It seems clear that you, the medical fraternity, as well as the mass media agree that there is a recruitment and retention crisis in general practice in England. What is also clear is that we have differing opinions on the reasons this crisis has arisen.
While doctors and some of the organisations that represent us are open about working conditions in the hope that they can be improved, it appears that you are intent on sticking to the same, seemingly rehearsed, lines. Whether the audience is a room full of GPs, medical students, or a national newspaper, the message seems to be: “The reason for the GP recruitment crisis is that GPs complain so loudly about their conditions, putting off medical students and junior doctors—if they didn’t complain so much we could recruit more GPs.” I paraphrase, of course.
Even if that was true, it would only solve half the problem. If all the GPs swore a solemn oath to never utter how difficult their job is and how the difficulties seem to increase year on year, it may, just may, possibly, lead to more junior doctors choosing general practice as a specialty. But even if recruitment to a sugar coated profession was possible, keeping quiet about any issues would not help with the retention issues of GPs taking early retirement, emigrating, or changing profession. And what’s more, many medical students get a chance to see for themselves what general practice is like firsthand as part of undergraduate or postgraduate training.
For example, I was recently struck by the perceptiveness of a medical student who I supervised for a placement and who, despite being honest at the start of the placement that she didn’t want to be a GP, nevertheless performed well. At the end of her placement she told me that she was more sure than ever that she couldn’t be a GP.
She felt that to be a GP one needed to be more driven and committed to patients than she could ever be. She felt that the expectations of “stressed out” patients was just too high, and too difficult to deal with in 10 minute chunks of time. She had noticed that there were additional pressures put onto GPs, so that they spent their whole days constantly working just to try to get things done. In her own words, “That’s not just a recipe for burnout, but that would cause mental illness. I couldn’t do this every day of the week.”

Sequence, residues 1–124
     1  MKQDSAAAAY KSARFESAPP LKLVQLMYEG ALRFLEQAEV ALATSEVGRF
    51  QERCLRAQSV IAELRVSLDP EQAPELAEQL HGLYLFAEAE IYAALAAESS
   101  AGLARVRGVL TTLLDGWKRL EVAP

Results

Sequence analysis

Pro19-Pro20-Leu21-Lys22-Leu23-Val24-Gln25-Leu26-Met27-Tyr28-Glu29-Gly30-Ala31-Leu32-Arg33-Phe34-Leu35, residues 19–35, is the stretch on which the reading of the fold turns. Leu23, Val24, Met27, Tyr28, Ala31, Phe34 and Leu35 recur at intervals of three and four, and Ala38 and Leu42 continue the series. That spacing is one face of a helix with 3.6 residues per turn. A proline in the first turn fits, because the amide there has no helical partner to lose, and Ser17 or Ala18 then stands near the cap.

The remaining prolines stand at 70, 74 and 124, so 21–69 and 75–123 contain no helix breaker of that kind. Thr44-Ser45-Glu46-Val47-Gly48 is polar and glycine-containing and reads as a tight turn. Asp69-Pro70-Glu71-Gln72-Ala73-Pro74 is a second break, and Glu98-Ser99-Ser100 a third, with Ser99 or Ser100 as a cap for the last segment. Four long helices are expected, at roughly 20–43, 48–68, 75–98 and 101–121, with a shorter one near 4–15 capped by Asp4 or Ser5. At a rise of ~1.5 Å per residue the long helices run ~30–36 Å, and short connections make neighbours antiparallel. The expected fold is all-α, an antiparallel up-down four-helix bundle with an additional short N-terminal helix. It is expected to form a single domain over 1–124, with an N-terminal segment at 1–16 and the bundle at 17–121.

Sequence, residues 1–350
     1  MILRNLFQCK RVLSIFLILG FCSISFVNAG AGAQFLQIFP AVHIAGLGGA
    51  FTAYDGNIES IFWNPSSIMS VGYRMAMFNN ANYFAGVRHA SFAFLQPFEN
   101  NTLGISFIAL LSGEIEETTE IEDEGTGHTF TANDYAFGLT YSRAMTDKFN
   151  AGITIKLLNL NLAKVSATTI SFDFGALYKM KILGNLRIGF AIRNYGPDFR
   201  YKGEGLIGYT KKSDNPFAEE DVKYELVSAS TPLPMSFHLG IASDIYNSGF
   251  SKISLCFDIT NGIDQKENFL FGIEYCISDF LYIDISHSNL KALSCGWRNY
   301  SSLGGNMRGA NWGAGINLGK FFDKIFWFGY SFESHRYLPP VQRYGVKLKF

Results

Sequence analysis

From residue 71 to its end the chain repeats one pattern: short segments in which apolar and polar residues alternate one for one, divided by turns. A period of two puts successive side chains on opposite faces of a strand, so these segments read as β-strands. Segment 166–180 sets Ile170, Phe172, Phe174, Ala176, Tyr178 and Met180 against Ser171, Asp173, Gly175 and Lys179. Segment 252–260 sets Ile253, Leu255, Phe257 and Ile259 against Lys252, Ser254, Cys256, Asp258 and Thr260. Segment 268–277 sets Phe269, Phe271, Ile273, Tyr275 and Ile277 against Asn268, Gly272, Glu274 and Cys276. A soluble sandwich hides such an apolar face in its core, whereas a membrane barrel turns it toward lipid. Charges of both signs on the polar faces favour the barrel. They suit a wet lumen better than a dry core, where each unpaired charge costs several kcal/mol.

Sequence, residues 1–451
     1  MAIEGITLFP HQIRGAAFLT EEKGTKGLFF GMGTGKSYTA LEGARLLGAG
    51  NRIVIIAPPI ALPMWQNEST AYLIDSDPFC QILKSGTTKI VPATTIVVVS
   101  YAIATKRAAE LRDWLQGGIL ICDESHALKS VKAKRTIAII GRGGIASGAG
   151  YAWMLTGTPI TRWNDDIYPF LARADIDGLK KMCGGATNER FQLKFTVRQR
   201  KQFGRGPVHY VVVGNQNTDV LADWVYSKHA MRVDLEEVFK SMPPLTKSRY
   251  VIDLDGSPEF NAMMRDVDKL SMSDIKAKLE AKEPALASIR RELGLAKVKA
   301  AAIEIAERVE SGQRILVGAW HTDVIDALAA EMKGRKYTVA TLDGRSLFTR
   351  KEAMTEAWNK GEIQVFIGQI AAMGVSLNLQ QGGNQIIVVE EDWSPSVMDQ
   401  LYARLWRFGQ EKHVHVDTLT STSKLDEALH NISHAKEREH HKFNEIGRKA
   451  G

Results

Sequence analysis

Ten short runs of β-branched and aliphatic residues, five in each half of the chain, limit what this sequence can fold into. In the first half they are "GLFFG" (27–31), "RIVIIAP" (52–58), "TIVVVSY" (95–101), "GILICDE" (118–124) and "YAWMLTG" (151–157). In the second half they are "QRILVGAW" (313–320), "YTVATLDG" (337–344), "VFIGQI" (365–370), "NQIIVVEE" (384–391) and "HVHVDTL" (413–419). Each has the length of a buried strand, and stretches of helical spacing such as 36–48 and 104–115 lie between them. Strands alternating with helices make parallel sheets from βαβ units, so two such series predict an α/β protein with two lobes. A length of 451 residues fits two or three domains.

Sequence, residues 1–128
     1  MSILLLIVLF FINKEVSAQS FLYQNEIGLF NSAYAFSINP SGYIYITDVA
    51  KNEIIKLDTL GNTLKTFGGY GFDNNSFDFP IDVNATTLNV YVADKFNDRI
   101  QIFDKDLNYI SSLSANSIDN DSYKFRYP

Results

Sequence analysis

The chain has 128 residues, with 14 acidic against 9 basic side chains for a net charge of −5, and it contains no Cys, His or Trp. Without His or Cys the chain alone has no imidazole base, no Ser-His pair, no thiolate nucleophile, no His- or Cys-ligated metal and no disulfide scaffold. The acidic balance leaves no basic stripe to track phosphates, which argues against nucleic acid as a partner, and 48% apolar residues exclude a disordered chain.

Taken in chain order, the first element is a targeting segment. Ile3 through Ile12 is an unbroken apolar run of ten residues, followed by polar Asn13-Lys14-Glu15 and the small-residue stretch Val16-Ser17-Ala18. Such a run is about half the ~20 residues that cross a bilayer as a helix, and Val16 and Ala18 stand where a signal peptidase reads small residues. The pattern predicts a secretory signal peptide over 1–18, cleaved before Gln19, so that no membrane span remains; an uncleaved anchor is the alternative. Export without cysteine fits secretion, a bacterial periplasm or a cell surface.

I have no doubts that she would have made a good GP, but she had the insight to see that general practice, as it currently stands, was not a career option for her.
Not complaining about problems doesn’t make problems go away. If I buy my children shoes in haste that don’t really fit them, and they then complain about the pain they are in, the solution to the situation is not to tell them to stop complaining about their discomfort; that won’t solve the problem. I need to find them shoes that do fit, or remove the shoes from their poor little feet.
Raising issues demonstrates an integrity and willingness to tackle concerns that compromise patient care and/or doctor wellbeing. So instead of flogging the profession in the hope that it will boost morale, it may be worth actually listening to general practitioners.
For a start, why not recognise and deal with the tight, blistering constrictions of the huge amount of over-regulation we face: the Quality and Outcomes Framework, the Care Quality Commission, clinical commissioning group schemes, Directed Enhanced Services, traffic light ratings on cancer referrals, and the family and friends tests, to name a few. It would also help to acknowledge that GPs are facing rising demand from a health anxious, risk averse, increasingly complicated, and older population, where more healthcare is expected to take place outside of the hospital setting.
Surely the best advert for general practice would be general practitioners who felt valued?
Can you not work with us to help us feel valued? One step towards that could be an understanding with your press departments that national newspapers could be used to promote a positive reflection of what GPs achieve, day in and day out. This would make a change from the often unfounded and ostensibly systematic belittling of the foundation of the NHS.
Whether you heed this advice depends, of course, on whether your respective organisations actually want a vibrant, resilient, functional, and efficient general practice workforce as the foundation of a centrally funded national health service?
Samir Dawlatly is a GP partner at Jiggins Lane Surgery in Birmingham. He combines clinical practice with being a part time house husband and an interest in social media, as well as publishing poems, essays, and blogs. He can be found on Twitter as @sdawlatly.
I have read and understood BMJ policy on declaration of interests and declare the following interests: I am a member of the RCGP online working group on overdiagnosis.